OOM #13 – Daikaijû kettô: Gamera tai Barugon (1966)

Ohhh Gamera, you’re the best monster in the woooorld! One day I shall end up doing a song about this beautiful monster and its beautiful series of films. For now, I only have reviews for you, on the second Gamera film, ‘Gamera vs. Barugon’ (1966), the one with the beautiful video review by James Rolfe for his Cinemassacre’s Monster Madness, the inspiration for todays October Overlook’s Madness. You can watch that review in this link, and you can read my thoughts below.

When we last saw Gameraaaaaaaaaaaaaaa, he was drifting in space, in a spacefish built for him so he could visit the planet Mars, but this time, color happens! And with that, a meteor crashes into the spaceship, breaking it into a million pieces, but behold, Gamera survives! He turns into the spinning ufo shooting fire out of his turtle holes and goes dashing back to Earth. Once there, he attacks a power plant in a dam, only to later drift away to explore new types of energy, he’s like the ecologist monster of the 60’s, always looking for new sources of power to feed on. And that’s it, that’s our Gamera movie, at least for quite a while, we are then transported to the story of three thugs and their boss, a man with crutches, they are having an expedition to New Guinea to find an opal as big as a melon that can be found in a cave, but when the three thugs arrive (one of them is the brother of the boss) they are confronted by the natives, who say that they shouldn’t enter the cave, as people who have done so, have never come back. They, obviously, go in, and there they find the reason for all the people who have never come back: deadly golden scorpions that kill you in five minutes!

What happened here? Where are my giant monsters fighting? What are all these humans doing in my kaiju film? Actually, I quite like it, it’s like the perfect plot for a normal movie (kaijus aren’t normal films), it moves along pretty quickly, and it feels like the start of a american 40’s film filmed in studios to resemble Africa, much like the Tarzan films and other movies that were done in that heydey. Of course that the film then takes another turn when the big opal turns out to be an egg for a furious monster that will try to destroy Japan, of course we’re talking about Barugon, the deadly lizard with spikes that shoots… rainbows… explosive deadly rainbows out of his back… and he also has ice breath! That strange and powerful rainbow actually attracts the attention of… could it be? GAMERAAAAAAAAAAA!!!! Of course! He loves new sources of power, and he also seems to be immune to that power, how could it be? Obviously that’s when the fight begins, and while it’s not the last one they’ll have, it’s pretty clear the striking visual style that they’ll have, as they are shot in the dark, with a great use of limited colours and always the masterful utilization of perspective to give them the presence of giants that they should always have.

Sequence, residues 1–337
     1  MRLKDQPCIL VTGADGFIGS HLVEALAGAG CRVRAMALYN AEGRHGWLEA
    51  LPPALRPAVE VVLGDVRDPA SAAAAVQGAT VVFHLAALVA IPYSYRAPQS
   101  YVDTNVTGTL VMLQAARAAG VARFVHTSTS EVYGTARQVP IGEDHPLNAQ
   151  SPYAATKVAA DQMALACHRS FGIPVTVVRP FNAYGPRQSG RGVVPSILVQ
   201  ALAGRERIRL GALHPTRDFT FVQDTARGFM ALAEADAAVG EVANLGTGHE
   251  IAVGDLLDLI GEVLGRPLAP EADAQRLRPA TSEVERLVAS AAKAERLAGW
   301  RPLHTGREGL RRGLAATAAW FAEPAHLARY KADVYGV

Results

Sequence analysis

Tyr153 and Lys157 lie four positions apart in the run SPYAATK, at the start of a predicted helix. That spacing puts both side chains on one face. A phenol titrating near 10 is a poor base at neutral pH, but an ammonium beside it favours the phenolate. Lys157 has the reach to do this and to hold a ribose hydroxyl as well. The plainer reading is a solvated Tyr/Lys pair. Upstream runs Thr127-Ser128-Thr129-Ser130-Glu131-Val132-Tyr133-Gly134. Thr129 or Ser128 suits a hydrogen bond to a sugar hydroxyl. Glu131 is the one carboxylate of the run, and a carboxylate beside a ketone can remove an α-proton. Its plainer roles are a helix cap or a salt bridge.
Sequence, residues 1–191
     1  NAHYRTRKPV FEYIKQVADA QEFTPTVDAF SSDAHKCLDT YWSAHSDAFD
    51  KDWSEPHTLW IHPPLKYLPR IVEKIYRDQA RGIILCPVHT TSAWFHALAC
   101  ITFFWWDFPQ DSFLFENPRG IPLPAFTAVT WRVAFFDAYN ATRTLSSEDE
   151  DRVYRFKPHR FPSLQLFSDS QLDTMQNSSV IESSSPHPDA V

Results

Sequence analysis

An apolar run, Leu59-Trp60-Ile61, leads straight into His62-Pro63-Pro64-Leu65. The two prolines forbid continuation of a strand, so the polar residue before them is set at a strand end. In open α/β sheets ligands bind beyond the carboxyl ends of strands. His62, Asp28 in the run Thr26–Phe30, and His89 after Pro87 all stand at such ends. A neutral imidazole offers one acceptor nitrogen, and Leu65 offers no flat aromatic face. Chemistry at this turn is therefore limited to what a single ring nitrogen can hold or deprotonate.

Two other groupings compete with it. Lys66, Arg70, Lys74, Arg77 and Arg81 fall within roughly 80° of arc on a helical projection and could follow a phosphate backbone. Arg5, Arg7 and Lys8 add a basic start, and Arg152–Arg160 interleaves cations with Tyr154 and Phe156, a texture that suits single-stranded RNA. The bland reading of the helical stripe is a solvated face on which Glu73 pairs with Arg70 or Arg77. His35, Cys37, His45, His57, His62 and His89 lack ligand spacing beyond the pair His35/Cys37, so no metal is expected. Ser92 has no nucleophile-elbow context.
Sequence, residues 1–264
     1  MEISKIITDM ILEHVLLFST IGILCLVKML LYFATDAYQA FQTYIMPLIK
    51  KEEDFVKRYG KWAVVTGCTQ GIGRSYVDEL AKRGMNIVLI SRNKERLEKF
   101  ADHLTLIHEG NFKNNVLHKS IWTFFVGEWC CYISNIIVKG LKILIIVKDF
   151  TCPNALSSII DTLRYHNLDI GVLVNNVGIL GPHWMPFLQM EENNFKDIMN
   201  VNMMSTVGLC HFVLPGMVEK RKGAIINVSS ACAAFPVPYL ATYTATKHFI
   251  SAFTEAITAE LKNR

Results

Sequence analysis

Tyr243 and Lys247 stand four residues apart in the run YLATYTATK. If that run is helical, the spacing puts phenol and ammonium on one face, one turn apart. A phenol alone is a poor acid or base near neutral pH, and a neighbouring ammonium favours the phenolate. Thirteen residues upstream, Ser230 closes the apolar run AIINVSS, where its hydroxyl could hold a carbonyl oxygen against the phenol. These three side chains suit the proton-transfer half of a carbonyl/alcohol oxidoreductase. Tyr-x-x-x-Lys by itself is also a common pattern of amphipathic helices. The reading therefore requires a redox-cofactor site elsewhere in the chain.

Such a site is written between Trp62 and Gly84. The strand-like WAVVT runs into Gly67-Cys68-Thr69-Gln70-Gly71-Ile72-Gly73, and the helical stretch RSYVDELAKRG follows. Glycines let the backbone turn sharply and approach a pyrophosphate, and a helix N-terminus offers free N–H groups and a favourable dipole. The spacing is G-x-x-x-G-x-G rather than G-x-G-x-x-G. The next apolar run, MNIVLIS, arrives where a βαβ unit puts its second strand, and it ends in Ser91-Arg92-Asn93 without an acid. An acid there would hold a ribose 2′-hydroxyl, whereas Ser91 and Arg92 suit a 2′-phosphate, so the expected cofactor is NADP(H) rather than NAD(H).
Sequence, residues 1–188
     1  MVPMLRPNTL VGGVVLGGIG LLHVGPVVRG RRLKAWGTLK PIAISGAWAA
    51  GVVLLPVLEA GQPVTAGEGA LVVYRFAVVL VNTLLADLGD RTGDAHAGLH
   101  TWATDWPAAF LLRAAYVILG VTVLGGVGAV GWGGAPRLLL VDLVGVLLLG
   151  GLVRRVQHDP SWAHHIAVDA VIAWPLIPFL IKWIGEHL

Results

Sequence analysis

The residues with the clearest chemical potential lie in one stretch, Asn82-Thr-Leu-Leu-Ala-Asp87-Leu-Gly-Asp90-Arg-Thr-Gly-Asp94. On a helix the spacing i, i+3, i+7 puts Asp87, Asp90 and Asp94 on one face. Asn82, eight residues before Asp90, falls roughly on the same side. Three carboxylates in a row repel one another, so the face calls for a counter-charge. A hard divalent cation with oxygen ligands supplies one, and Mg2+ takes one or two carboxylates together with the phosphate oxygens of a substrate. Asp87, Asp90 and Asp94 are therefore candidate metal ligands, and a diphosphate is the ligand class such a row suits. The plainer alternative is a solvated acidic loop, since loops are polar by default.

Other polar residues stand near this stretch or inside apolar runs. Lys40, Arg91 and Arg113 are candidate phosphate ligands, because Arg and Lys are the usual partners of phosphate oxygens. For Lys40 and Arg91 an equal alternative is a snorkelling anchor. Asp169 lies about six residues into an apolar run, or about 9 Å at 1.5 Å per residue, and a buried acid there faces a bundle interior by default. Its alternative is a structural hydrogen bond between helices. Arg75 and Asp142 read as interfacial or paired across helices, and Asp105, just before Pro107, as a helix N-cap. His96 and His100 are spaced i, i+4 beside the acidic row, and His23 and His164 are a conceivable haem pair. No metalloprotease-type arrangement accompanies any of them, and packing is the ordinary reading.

But I need to talk about something. There’s a series of scenes put between the discovery of the monster and the first fight between Barugon and Gamera, they all feature humans, and the talk about the monsters or what’s going on is actually pretty scarce, they mostly talk about feelings and they feature big clumsy fight sequences between angry people. What was the aim, what was going on here? After some investigation, I can’t really put my finger on what is the reason behind this sudden importance given to the actual plot of the film over the plotting of the army, the search of solutions or the rumble between the monsters. Then I took a look at the director of this installment and his work. This is the only film in the series of 7 films that I’ll watch directed by Shigeo Tanaka, and also the only one that isn’t directed by Noriaki Yuasa, the one that directed the original and then took a wild approach to the following installments, Tanaka is known for making dramas and films with heavy feelings. This one feels just like that, even in the monster fight sequences, like a serious drama with entertaining aspects about it, it’s never completely silly and it actually has some room for scary moments as well as thrills (the whole scene in the cave with the scorpions is enough to send chills down your spine) that are never found in most Godzilla sequels.

But there’s just something that falls apart in the final 30 minutes of film or so, when they are trying to find an answer to defeat Barugan, and they spend countless minutes testing theories, doing silly experiments and when they’re going better, the drama starts again, and there’s an interesting sequence featuring two of the initial thugs and infrared death ray that is quite suspenseful, but that is cut short by the power of Barugon. In that sense, you could understand me when I say that the ending battle between Barugon and Gameraaaaaa is entertaining, but it’s far from being the best thing about the film. I’m guessing that I’ll end up hating the rest of the Gamera films, but what can you say man, it’s how things are. This one’s pretty good though, I liked it quite a bit, but the ridiculousness of some things had to stop. I also think that this one is better than the first one, but by a really tiny margin.



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